The beauty of string theory (I thought) was that every particle could be predicted by the period of the vibrations of the proposed strings. That was enough to make the theory compelling for me. This book didn't start with string theory. It started with relativity and quantum theory. When strings were finally introduced, perhaps 2 sentences on the relationship of frequency to particle type. So at this point, I have no idea if string theory really is that compelling. On the plus side, this was a well-written exposition of the state of physics. The lesson is that physics is sailing off a cliff. The number of theories of everything has exploded as the possibility of proving any of them has imploded. Newer minds will realize that physics has exposed the contradiction of science: Assume that the material universe is all that exists, and end up proving that the material universe cannot possibly exist.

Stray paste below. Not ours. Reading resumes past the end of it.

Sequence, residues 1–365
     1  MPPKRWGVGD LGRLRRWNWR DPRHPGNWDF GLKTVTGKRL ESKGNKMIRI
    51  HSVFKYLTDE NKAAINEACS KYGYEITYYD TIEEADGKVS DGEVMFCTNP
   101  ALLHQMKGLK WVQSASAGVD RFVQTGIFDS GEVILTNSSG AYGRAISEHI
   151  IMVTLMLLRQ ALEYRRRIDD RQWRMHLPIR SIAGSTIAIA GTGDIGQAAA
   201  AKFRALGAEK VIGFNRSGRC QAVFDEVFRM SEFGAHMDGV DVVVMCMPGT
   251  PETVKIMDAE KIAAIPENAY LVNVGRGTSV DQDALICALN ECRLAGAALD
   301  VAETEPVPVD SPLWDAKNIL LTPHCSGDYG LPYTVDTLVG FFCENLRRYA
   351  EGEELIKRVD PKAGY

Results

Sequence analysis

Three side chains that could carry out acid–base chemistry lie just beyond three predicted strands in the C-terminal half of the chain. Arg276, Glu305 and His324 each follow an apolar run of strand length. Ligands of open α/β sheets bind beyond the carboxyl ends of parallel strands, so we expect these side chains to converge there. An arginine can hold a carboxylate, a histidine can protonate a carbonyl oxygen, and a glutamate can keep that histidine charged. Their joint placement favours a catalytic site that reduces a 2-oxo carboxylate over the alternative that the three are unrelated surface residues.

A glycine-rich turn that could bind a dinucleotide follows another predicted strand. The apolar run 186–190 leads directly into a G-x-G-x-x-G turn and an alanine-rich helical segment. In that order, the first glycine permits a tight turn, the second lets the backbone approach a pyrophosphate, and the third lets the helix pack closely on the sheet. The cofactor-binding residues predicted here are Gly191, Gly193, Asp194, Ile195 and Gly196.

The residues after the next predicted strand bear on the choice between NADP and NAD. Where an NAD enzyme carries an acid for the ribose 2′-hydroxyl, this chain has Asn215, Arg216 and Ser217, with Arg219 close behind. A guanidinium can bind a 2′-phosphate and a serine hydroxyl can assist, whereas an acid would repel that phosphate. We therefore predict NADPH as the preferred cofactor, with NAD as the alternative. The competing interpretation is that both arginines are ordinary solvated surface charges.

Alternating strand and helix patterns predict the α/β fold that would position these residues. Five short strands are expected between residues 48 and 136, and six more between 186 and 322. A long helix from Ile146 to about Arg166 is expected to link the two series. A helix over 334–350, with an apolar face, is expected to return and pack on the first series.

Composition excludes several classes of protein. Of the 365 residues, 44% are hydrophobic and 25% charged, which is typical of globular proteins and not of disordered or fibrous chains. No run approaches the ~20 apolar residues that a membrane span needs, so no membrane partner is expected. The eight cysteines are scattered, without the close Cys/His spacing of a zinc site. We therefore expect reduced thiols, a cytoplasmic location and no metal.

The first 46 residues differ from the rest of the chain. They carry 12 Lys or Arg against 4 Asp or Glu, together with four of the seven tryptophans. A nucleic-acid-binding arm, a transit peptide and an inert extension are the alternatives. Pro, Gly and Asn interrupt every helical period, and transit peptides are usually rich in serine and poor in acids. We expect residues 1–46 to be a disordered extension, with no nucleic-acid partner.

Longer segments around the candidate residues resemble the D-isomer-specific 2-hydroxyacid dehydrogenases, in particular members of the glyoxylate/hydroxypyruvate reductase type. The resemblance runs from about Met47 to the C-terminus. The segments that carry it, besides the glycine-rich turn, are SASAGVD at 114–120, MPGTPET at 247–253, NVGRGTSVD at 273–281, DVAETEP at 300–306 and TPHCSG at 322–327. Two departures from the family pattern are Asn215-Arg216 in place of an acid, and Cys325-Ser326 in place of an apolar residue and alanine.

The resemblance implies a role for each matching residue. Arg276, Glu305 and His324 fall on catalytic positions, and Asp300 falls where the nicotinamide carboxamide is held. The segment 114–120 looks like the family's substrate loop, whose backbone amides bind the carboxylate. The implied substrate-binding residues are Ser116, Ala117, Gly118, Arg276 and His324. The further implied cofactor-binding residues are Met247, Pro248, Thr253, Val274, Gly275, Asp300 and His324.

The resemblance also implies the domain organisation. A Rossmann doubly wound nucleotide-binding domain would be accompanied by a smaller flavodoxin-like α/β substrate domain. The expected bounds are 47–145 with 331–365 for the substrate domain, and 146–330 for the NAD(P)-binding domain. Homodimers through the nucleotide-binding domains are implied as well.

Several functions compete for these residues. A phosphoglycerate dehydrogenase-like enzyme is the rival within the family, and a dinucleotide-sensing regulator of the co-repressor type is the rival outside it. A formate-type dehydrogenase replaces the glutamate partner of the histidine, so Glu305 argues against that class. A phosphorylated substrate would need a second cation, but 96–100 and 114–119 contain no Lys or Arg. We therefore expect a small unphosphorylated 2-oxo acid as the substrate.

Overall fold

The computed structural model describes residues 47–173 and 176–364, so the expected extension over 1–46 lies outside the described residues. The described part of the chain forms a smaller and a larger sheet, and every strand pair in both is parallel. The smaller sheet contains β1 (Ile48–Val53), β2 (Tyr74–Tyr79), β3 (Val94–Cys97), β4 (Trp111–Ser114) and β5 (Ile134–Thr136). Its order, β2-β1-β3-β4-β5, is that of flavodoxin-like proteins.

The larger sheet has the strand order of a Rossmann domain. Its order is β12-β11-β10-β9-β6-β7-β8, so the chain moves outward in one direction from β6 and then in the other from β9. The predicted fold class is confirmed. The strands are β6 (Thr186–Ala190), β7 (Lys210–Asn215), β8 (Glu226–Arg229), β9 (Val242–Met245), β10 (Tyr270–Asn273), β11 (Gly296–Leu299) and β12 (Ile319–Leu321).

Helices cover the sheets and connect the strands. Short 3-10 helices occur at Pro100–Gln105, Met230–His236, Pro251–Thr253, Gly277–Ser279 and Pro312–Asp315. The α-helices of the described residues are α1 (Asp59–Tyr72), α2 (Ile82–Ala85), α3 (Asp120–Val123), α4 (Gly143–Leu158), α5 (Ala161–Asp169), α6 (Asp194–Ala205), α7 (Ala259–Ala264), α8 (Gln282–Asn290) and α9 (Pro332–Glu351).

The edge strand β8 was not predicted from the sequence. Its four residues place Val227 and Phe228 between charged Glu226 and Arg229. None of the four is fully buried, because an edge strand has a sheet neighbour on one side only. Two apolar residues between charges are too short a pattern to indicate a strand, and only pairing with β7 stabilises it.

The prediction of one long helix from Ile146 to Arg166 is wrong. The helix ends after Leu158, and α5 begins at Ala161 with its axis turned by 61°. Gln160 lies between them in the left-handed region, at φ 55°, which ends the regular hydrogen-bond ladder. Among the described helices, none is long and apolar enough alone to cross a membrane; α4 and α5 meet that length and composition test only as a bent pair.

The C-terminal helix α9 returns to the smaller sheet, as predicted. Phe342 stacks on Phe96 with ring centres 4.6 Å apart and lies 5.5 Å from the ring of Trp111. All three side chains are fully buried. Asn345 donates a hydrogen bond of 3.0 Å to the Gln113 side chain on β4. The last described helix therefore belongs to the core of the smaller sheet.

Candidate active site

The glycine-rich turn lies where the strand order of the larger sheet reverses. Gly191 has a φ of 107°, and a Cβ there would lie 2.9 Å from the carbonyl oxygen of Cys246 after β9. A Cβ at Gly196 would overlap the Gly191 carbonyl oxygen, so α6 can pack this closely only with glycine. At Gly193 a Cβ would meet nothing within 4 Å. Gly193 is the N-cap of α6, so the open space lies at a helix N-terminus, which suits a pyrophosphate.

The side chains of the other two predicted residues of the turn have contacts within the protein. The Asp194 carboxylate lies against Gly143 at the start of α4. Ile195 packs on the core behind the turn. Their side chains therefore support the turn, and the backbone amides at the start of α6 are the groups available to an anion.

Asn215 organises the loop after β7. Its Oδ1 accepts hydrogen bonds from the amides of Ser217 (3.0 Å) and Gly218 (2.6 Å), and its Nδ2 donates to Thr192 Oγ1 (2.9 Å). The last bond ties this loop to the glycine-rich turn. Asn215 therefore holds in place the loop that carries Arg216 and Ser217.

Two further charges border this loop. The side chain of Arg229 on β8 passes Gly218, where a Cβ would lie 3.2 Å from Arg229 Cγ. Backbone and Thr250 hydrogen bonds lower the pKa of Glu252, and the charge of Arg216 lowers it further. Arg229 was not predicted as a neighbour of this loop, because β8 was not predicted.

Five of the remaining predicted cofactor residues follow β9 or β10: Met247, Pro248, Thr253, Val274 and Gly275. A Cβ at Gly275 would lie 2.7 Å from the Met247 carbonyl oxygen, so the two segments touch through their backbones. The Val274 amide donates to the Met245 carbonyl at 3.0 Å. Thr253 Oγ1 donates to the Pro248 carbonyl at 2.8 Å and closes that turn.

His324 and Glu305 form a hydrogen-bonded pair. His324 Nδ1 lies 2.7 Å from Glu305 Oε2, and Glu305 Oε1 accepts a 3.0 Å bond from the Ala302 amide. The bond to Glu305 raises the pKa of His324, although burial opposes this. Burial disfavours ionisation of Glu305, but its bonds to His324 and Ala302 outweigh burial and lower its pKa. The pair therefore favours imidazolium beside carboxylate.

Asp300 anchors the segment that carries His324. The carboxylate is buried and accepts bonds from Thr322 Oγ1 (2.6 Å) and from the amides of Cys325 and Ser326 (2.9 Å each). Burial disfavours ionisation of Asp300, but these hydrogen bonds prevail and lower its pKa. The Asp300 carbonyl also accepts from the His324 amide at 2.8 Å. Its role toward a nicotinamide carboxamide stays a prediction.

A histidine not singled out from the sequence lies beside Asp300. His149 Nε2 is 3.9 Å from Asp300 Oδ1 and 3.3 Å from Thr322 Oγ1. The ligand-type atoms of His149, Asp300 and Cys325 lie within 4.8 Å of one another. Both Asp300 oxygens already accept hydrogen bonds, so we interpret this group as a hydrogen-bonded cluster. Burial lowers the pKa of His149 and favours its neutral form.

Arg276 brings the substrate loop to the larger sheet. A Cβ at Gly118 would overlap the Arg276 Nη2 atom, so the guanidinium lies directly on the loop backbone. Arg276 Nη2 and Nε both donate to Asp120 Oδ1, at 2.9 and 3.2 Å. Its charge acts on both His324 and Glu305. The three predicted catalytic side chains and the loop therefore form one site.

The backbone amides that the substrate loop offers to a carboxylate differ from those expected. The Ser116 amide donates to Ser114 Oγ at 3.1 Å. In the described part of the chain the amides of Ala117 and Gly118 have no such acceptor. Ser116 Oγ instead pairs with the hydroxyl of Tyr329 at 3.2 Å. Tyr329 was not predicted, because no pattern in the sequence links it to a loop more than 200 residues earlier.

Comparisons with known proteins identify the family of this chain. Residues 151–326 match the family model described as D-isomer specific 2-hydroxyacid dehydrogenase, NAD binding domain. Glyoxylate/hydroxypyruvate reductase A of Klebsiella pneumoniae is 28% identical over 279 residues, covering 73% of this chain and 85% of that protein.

Very well done, but pretty hard to follow in the car. Often there were tables that had to be read and it was difficult to follow. Although the subject material is very difficult, it's written with a humorous slant and was very entertaining.
George Musser is a staff editor and writer for "Scientific American" magazine. He has won a National Magazine Award for editorial excellence and a Global Media Award from the Population Institute.